It would be in evolutionary competition with all other forms of human resource utilization; nationalism, fascism, capitalism – all the isms. The winner would be the system that best serves the needs of it’s constituents and is able to protect itself from corruption – both without and within.
The system which I’ve described requires a digital currency in order to function. It is the only way to implement things like the Drawdown Tax, the UBI or the UCL. Money as software is the only way to make this work and it’s only possible because we have that technology now.
So we will have a “metaverse” or network of people keeping each other going during the worst of it, governmening themselves via whatever means they see fit. Their commonality would be the implementation of a fair and efficient economic system to replace the current one.
This group will meet in virtual 3D conference halls or simple bulletin boards. They will debate using Discord, Telegram or any number of chat software. They will be members of a larger nation, yet ally themselves with this extended online community that provides for them with healthcare, lodging, food and more.
This group will also not be monolithic and instead work as a network of smaller networks, supporting each other through this underground Internet society. While every group will need something different, the decentralized protocol that will make this happen will function as a universal translator for trade, where one organization’s token can be converted through a chain of intermediary needs. For example;
- Group A needs food and can provide technology.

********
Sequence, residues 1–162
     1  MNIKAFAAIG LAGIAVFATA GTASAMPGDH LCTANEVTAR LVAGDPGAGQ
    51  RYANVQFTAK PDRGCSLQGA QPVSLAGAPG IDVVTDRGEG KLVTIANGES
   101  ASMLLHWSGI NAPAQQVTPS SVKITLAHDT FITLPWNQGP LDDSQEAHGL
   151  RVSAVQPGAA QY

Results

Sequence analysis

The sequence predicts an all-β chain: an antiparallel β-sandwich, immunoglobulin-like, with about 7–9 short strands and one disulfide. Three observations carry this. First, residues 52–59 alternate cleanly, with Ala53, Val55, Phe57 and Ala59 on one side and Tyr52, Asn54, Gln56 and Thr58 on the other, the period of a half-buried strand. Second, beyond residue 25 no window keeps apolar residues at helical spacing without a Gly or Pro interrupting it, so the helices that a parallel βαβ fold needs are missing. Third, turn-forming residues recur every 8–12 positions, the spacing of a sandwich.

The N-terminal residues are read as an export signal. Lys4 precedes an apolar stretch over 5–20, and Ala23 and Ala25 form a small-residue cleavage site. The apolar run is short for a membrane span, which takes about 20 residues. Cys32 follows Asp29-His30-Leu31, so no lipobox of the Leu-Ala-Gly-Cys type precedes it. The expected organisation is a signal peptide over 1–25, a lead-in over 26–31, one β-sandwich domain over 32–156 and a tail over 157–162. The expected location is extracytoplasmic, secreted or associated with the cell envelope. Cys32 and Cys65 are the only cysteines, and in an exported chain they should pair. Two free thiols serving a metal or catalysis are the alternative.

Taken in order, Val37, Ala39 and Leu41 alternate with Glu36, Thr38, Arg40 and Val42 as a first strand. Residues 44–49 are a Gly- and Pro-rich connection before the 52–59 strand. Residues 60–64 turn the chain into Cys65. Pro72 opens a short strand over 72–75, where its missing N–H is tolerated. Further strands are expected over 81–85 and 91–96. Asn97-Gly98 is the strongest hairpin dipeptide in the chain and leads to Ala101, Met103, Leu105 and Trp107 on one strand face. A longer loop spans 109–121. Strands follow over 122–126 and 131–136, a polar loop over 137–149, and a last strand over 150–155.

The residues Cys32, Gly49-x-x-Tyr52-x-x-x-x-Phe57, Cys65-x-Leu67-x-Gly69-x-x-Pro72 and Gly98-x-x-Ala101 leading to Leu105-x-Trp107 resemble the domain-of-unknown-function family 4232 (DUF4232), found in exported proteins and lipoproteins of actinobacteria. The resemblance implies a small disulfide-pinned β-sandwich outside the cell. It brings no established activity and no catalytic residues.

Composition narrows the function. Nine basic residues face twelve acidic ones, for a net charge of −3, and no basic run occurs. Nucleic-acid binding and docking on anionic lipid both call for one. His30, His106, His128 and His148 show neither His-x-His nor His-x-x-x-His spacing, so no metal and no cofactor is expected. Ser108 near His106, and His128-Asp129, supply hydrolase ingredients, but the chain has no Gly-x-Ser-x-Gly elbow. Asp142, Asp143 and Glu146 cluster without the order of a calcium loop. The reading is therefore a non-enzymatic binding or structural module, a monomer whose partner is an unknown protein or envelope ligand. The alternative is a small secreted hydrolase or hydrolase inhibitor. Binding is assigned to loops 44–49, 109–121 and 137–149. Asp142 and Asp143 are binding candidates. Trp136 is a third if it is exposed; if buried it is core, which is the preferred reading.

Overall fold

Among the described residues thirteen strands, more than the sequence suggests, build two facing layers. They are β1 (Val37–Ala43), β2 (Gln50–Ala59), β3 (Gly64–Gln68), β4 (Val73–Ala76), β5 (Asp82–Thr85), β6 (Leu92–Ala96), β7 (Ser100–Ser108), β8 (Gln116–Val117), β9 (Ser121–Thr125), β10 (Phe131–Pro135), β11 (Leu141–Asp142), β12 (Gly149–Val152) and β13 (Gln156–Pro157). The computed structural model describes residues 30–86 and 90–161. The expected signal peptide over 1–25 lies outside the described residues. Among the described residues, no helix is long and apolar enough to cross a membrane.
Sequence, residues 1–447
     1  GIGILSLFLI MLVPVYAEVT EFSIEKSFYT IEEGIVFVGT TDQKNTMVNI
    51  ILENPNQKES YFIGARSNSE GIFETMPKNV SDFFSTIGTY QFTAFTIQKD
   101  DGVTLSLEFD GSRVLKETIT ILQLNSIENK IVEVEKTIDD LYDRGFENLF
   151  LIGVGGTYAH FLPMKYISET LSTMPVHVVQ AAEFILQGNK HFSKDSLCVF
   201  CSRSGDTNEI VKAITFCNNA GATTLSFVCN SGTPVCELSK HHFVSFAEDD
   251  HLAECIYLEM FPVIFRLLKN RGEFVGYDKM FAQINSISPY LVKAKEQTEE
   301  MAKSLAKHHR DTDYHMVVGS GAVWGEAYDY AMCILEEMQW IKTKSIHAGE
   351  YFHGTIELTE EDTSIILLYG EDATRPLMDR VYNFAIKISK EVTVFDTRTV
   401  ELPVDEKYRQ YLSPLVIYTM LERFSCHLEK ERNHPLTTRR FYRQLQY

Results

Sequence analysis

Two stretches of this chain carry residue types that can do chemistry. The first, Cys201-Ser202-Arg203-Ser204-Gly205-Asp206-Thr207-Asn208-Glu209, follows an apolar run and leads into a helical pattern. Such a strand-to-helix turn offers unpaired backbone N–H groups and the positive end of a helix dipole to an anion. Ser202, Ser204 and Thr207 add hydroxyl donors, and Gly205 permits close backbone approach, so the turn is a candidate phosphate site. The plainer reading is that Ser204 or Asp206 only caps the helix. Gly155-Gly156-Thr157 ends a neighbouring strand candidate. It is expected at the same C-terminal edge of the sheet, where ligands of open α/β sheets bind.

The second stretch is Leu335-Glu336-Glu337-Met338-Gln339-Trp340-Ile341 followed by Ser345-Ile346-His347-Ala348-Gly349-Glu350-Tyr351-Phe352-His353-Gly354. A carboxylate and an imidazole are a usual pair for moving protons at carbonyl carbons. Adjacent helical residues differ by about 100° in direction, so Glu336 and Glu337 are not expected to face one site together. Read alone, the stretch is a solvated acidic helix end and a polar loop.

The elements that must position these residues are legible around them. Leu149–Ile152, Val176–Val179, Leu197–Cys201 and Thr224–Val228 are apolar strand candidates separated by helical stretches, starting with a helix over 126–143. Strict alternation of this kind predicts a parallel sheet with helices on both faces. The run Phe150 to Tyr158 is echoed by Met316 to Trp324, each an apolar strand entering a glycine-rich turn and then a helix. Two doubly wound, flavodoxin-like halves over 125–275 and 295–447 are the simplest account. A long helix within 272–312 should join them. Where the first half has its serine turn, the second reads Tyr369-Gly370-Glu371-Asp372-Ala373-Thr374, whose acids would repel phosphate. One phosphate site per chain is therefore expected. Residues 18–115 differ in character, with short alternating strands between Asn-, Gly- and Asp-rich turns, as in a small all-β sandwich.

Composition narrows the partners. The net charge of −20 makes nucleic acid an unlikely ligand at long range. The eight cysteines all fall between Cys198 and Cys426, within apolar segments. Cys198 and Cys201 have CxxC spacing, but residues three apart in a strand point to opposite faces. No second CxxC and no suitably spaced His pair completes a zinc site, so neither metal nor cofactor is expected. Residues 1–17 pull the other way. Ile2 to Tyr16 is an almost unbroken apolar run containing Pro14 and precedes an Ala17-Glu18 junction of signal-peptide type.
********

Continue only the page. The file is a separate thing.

- Group B needs technology and can provide cash.
- Group C can provide food and needs cash.
Group A would buy food from Group C and pay them in technology. The system would automatically route it so that the technology goes to Group B, and Group B’s cash goes to Group C to pay for Group A’s purchase. We would need this turbocharged digital bartering network to sustain society as people’s needs get wildly out of sync with what they can provide.
In earlier posts I talked about how the Metaverse could be a simulation of the future. Everything I’ve described here would be tested in a virtual world first, where people would be encouraged to break it as much as possible so it could be repaired. Only then would it be ready to be rolled out to society at large.
There are certainly tough times ahead. Things will be much worse for many people as we move forward, but after every storm is the chance to rebuild what was destroyed. The future can be better. We can make that future get here sooner by working together and being more creative than we have been encouraged to be by our society. Let’s figure out this new world together.